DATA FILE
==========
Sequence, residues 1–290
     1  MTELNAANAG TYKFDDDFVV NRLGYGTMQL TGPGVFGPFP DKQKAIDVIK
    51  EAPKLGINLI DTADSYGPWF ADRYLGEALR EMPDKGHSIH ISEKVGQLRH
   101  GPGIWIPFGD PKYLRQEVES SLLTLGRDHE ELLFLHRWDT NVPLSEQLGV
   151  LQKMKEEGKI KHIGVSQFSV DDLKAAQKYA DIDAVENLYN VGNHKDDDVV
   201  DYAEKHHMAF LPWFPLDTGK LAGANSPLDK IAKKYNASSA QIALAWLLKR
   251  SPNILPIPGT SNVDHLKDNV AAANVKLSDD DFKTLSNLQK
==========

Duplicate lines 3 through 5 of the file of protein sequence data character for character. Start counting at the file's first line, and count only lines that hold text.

    51  EAPKLGINLI DTADSYGPWF ADRYLGEALR EMPDKGHSIH ISEKVGQLRH
   101  GPGIWIPFGD PKYLRQEVES SLLTLGRDHE ELLFLHRWDT NVPLSEQLGV
   151  LQKMKEEGKI KHIGVSQFSV DDLKAAQKYA DIDAVENLYN VGNHKDDDVV